Death and Burial

Boone died on September 26, 1820, at his son Nathan Boone’s home on Femme Osage Creek, Missouri. He was buried next to Rebecca, who had died on March 18, 1813. The graves, which were unmarked until the mid-1830s, were near Jemima (Boone) Callaway’s home on Tuque Creek, about two miles (3 km) from present-day Marthasville, Missouri.

In 1845, the Boones’ remains were disinterred and reburied in a new cemetery in Frankfort, Kentucky. Resentment in Missouri about the disinterment grew over the years, and a legend arose that Boone’s remains never left Missouri. According to this story, Boone’s tombstone in Missouri had been inadvertently placed over the wrong grave, but no one had corrected the error. Boone’s Missouri relatives, displeased with the Kentuckians who came to exhume Boone, kept quiet about the mistake and allowed the Kentuckians to dig up the wrong remains. No contemporary evidence indicates this actually happened, but in 1983, a forensic anthropologist examined a crude plaster cast of Boone’s skull made before the Kentucky reburial and announced it might be the skull of an African American. Black slaves were also buried at Tuque Creek, so it is possible that the wrong remains were mistakenly removed from the crowded graveyard. Both the Frankfort Cemetery in Kentucky and the Old Bryan Farm graveyard in Missouri claim to have Boone’s remains.

Find A Grave Memorial in Missouri

Find A Grave Memorial in Kentucky


Daniel Boone remains an iconic figure in American history, although his status as an early American folk hero and later as a subject of fiction has tended to obscure the actual details of his life. He emerged as a legend in large part because of John Filson’s “The Adventures of Colonel Daniel Boon”, part of his book The Discovery, Settlement and Present State of Kentucky. First published in 1784, Filson’s book was primarily intended to popularize Kentucky to immigrants. It was translated into French and German and made Boone famous in America and Europe. Based on interviews with Boone, Filson’s book contained a mostly factual account of Boone’s adventures from the exploration of Kentucky through the American Revolution, although many have doubted if the florid, philosophical dialogue attributed to Boone was authentic. Often reprinted, Filson’s book established Boone as one of the first popular heroes of the United States.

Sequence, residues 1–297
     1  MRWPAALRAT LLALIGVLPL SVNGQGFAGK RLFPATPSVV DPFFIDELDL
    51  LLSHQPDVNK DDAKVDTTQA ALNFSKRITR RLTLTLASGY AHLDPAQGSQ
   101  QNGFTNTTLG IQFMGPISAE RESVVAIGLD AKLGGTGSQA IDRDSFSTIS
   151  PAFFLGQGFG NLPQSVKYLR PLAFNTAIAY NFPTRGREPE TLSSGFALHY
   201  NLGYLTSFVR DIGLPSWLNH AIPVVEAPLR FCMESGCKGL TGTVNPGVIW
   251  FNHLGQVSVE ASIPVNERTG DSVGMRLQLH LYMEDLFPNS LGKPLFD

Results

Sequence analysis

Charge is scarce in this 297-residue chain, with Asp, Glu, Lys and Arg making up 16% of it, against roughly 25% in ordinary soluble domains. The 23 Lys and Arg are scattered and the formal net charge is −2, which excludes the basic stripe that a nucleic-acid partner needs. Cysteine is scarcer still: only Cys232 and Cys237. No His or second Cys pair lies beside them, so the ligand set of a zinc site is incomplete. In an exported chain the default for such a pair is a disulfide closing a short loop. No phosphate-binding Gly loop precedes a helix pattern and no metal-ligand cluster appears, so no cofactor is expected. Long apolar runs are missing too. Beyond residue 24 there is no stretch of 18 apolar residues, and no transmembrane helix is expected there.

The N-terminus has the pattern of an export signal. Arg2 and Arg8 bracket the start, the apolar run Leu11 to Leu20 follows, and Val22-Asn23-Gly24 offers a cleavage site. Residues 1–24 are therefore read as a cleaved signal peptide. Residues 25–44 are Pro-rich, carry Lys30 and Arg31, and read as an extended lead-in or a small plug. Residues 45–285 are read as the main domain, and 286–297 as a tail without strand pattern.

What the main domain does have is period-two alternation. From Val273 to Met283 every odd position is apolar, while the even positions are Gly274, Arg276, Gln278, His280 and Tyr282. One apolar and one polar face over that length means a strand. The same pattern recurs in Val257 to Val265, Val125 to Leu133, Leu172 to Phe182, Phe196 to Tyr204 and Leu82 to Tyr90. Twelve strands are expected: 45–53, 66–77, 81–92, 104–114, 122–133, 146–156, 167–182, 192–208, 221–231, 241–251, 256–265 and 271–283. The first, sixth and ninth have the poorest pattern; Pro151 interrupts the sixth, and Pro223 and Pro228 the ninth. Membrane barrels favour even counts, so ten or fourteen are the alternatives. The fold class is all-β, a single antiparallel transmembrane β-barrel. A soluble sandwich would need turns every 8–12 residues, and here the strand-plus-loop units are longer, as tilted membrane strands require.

Timothy Flint also interviewed Boone, and his Biographical Memoir of Daniel Boone, the First Settler of Kentucky (1833) became one of the best-selling biographies of the 19th century. Flint embellished Boone’s adventures, doing for Boone what Parson Weems did for George Washington. In Flint’s book, Boone fought with a bear, escaped from Indians by swinging on vines (as Tarzan would later do), and so on. Although Boone’s family thought the book was absurd, Flint greatly influenced the popular conception of Boone, since these tall tales were recycled in countless dime novels and books aimed at young boys.

Many heroic actions and chivalrous adventures are related of me which exist only in the regions of fancy. With me the world has taken great liberties, and yet I have been but a common man.



Royal Marvin Beaty


Clertha Maynard


William Silas Mainord


Julia Ann Hunter


Lindsey Common Hunter


Hannah Boone


Edward Nettie Boone

elder brother

Daniel Boone

Comments are closed.